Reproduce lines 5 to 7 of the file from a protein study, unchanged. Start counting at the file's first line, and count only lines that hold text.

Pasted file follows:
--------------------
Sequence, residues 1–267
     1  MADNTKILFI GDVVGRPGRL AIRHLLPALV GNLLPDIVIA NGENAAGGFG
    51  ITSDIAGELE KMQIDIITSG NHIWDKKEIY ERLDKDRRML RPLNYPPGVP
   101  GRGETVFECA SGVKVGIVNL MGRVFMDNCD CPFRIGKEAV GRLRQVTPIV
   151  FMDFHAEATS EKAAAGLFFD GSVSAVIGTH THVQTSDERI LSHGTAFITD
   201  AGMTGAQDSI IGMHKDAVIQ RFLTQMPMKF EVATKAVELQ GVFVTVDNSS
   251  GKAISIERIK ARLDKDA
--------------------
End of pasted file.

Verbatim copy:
   151  FMDFHAEATS EKAAAGLFFD GSVSAVIGTH THVQTSDERI LSHGTAFITD
   201  AGMTGAQDSI IGMHKDAVIQ RFLTQMPMKF EVATKAVELQ GVFVTVDNSS
   251  GKAISIERIK ARLDKDA